Owning a food truck may sound like fun – it's a free wheeling, superhip, and low-cost way to experiment with food service. But increasingly food truckers are finding that they're up against some unfriendly realities of city streets, namely a shortage of parking spots.
That's why many, like Nida Rodriguez, who steers the helm of The Slide Ride, a Chicago truck that dishes out gourmet mini sandwiches, are now focused on catering events from office parties to weddings.
Rodriguez says that from the start she was getting requests from brides-to-be to serve her Guinness burgers and reubens at their weddings — as late-night fare or to keep guests busy between the ceremony and reception. And she says The Slide Ride is booked for 10 weddings this summer. Catering makes up 20 percent of her total business.
Rodriguez isn't alone. Food truck owners around the country say catering is an increasingly appealing alternative to braving downtown streets at lunchtime. "If I offered any truck that they'd never have to be on the street again and they only had to do catering, every single one would do it," says Matt Geller, co-founder and CEO of the Southern California Mobile Food Vendors Association.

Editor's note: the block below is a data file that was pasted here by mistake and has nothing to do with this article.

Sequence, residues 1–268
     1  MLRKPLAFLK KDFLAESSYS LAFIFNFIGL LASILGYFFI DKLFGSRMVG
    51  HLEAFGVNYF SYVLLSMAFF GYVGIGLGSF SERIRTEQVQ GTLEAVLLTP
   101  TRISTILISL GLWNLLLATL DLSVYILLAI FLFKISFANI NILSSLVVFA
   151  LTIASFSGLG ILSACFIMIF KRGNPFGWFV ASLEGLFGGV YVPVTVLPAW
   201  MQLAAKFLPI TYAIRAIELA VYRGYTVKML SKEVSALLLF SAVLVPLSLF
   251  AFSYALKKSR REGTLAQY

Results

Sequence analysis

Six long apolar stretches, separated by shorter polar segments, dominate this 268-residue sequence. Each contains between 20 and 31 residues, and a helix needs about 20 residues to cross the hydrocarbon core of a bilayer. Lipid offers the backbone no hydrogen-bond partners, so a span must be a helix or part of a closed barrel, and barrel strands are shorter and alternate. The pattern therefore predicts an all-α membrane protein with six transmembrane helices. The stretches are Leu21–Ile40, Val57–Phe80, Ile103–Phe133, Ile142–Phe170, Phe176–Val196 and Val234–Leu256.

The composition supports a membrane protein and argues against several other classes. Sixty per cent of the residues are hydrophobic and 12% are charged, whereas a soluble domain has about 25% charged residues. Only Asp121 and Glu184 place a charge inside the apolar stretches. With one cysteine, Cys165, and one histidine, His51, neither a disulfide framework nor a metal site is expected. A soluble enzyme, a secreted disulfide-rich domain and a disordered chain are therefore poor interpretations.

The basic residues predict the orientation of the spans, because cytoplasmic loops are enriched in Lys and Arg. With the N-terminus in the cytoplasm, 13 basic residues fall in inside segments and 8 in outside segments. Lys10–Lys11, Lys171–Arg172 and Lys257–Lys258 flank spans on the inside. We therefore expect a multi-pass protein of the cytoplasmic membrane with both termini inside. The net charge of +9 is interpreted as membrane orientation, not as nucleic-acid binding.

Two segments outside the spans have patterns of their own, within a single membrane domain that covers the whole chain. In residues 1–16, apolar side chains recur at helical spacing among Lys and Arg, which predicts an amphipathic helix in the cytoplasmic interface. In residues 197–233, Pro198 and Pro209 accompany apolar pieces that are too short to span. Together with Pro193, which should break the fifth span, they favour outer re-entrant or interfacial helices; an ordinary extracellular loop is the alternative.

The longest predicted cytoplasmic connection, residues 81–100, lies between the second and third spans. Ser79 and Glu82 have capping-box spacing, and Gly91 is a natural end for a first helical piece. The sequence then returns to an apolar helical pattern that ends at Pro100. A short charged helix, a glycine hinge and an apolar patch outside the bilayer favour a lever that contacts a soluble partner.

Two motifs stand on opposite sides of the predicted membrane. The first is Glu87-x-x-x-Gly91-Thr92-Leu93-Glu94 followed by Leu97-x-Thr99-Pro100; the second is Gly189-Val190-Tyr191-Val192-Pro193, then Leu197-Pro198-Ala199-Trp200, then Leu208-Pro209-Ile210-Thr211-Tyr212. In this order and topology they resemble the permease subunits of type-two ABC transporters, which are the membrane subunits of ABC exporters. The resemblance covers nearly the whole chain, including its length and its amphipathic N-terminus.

As food trucks have swarmed the streets of cities around the country, some city councils and brick-and-mortar restaurants have fought back, enacting regulations to make it harder for them to linger.
In Chicago, for example, the city mandates that food trucks cannot park within 200 feet of a restaurant—including convenience stores like 7-Eleven that serve food. So some trucks have resorted to "parking a car in the morning in a good location...when it comes closer to lunch they'll swap their car out for the truck," says Richard Myrick, editor-in-chief of Mobile Cuisine, an online magazine.
Roy Choi is a Los Angeles-area chef credited with pioneering the country's first gourmet food truck, a Korean barbeque taco operation called Kogi. Choi's story is perhaps the most legendary in the business: From his first truck, whose location was regularly broadcast on Twitter, he has been able to spin off five more. And now he also has 3 restaurants and a catering business in the Los Angeles area. (He also earned the no. 1 spot on Smithsonian's list of the 20 Best Food Trucks in the U.S.)
Catering accounts for about 30 percent of his business, says Choi; his trucks serve everything from office parties, birthdays, weddings, quinceñeras to bat mitzvahs.
One advantage of hiring a food truck for a wedding is the casual mood it projects, says Corina Beczner, founder and owner of Vibrant Events, a green event planning company in San Francisco.
But it won't be for everyone. "I do love food trucks but I think for the traditional wedding approach they don't work," particularly when guests expect seating and a set mealtime, she says. "This is all new and it's an experiment."
What may appeal to many betrothed couples is the price: The Slide Ride, for one, starts its catering packages at $10 a head.
And food trucks' drift into events is cultural as much as economic. The immigrants in Los Angeles who patronized some of the earliest food trucks were used to eating on the street, says Choi. Now lots of other Americans embrace that, too, even on one of the most important days of their lives — the wedding day.